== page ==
The victory gave Constantine control of eastern and western halves of the Roman Empire. His rival Maxentius was given the censorious damnatio memoriae treatment, an ancient Roman practice that involved the systematic destruction of every artifact that kept alive someone’s memory. Everything from writings to coins bearing his image to statues erected in his honor were destroyed or defaced. Sometimes statues were melted down and recast into less lofty items like chamber pots, just to compound the dishonor.

Constantine hoped that Christianity would unify the fragmented empire and he relied heavily on censorship to promote and spread the religion. His conversion made it possible for Christianity to continue spreading throughout Europe and eventually the world. The severe methods employed by both church and crown to maintain control became the template for curtailing speech that would be repeated for hundreds of years.

4. No sacred text has been burned as profusely and for so long as the Talmud.

During the Middle Ages and into the nascent Renaissance, only one interpretation of religious life was tolerated, and that was the interpretation that the Church provided and protected. The authorities vigorously resisted any contrarian opinions. The dissonance could upset religious and political order. As the powerful often do, the church and crown were preoccupied not just with ruling well but preserving their power. Difference was dangerous.

In a Europe steeped in Christendom, Jews were primary targets of suspicion and suppression. The Jews had killed Christ and continued to deny him as Messiah, so they were top tier blasphemers. Many Jews were displaced, imprisoned, and killed in Europe during that time. Their sacred texts literally and figuratively came under fire, too. The Talmud wins the tragic superlative of text destroyed most consistently and systematically for the longest period of time: For nine centuries, this holy text was burned wherever it was found.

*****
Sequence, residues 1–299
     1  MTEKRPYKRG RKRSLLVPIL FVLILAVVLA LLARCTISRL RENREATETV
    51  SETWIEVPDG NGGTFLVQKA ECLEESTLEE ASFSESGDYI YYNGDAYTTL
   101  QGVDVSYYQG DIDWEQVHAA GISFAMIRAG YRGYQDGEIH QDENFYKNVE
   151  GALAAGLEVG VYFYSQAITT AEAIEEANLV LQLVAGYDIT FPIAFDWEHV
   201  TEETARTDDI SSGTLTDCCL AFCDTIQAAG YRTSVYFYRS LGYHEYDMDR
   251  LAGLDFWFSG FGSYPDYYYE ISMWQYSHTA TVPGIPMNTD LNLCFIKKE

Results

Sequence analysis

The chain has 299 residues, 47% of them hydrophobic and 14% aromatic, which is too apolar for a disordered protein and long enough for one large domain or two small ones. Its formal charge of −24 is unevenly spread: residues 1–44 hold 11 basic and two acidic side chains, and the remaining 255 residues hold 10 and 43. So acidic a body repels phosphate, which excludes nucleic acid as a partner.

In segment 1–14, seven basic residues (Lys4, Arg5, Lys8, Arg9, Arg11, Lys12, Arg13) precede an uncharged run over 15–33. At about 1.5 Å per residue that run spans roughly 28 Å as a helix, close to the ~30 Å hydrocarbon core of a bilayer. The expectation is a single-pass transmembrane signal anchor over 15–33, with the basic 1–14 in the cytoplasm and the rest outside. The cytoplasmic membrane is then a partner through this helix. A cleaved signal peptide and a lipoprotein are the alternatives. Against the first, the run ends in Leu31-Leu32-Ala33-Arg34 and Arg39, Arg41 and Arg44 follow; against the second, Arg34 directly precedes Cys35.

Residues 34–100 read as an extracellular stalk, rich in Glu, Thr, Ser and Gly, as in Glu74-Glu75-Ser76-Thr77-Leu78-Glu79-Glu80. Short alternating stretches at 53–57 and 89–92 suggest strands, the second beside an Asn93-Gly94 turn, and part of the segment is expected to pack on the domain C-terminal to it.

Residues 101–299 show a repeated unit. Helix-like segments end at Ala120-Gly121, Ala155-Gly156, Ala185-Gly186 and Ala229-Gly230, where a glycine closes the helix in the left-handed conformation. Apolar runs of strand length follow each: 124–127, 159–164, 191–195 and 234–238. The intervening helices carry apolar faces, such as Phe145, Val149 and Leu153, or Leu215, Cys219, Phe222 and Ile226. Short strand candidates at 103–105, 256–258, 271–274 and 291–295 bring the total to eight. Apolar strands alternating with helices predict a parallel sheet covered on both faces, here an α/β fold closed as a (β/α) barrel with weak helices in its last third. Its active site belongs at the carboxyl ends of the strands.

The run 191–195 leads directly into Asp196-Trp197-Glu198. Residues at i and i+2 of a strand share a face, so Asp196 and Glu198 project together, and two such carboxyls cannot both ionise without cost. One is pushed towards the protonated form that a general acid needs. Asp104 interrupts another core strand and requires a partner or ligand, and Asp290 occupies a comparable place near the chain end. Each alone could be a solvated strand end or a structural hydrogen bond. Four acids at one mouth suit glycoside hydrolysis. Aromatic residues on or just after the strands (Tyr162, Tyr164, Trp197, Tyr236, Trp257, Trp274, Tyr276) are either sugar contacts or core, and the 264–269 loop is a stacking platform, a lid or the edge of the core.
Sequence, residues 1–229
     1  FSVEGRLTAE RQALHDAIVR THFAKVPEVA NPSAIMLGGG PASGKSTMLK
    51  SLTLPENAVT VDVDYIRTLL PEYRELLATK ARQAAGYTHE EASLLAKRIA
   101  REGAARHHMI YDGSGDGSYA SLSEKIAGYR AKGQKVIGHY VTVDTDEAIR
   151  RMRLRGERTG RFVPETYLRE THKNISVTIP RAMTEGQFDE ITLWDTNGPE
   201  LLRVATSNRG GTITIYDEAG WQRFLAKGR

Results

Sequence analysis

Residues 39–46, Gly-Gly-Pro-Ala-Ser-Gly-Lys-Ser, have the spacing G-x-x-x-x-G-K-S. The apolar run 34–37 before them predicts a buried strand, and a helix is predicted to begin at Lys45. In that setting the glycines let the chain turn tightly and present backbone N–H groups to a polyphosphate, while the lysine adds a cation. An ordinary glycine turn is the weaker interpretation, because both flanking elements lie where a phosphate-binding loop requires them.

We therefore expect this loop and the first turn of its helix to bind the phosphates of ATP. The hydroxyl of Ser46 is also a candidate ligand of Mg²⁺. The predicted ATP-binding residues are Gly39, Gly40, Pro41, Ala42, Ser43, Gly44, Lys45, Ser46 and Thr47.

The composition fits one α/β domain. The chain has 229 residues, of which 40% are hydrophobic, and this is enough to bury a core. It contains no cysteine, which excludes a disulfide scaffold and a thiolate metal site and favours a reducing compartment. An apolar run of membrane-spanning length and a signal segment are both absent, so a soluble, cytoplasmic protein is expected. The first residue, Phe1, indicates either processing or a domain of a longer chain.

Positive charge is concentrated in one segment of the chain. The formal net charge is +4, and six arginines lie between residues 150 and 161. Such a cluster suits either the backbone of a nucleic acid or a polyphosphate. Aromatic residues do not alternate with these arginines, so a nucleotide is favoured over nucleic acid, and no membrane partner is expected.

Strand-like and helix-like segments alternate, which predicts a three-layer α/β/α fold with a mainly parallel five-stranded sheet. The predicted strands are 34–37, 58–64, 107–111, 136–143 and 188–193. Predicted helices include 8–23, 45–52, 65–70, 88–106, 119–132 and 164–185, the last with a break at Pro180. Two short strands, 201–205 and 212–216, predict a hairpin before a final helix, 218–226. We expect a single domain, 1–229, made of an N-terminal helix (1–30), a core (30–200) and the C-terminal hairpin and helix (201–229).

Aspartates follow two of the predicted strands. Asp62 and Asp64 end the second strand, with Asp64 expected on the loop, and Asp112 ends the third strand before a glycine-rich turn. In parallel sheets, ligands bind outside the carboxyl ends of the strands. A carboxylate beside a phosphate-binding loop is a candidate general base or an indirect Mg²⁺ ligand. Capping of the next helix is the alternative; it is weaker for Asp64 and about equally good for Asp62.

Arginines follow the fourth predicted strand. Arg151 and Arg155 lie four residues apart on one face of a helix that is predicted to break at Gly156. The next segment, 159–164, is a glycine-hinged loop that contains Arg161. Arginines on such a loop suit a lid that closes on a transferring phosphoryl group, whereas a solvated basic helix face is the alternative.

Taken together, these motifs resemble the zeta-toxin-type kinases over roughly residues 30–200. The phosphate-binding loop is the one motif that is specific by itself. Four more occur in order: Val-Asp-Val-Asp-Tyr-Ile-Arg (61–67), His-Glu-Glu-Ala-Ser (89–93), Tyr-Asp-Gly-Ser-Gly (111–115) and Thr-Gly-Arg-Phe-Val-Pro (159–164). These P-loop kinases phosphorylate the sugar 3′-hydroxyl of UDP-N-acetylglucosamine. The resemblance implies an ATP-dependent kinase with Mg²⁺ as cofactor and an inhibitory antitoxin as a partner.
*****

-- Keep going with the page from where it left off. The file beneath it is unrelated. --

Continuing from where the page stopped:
One of the earliest records of the Talmud getting burned was in 13th century France. A former Jew named Nicolas Donin had been cast out of the Jewish community and converted to Catholicism shortly after. In 1236, he went to Pope Gregory IX and let him know that the Talmud was bursting with blasphemies against the Church, the Blessed Virgin, and Jesus.

The pope ordered the Talmud and all related Jewish literature to be seized wherever it was found in France, Portugal, England, and surrounding regions. There was even a kangaroo court in which the books were essentially put on trial and found guilty of blasphemy. Donin led the prosecution, bringing up the most incendiary passages (or at least those passages most vulnerable to misconstrual). He gave four Jewish scholars a chance to vindicate their texts.

The Jewish scholars cleverly argued that the Talmud was essential in helping them better grasp the Bible, but the defense was not enough. Burnings began and did not stop. Not just Jewish texts but Jews themselves came under fire. After a massacre in 1251, just about all the Jews in southern France had been killed.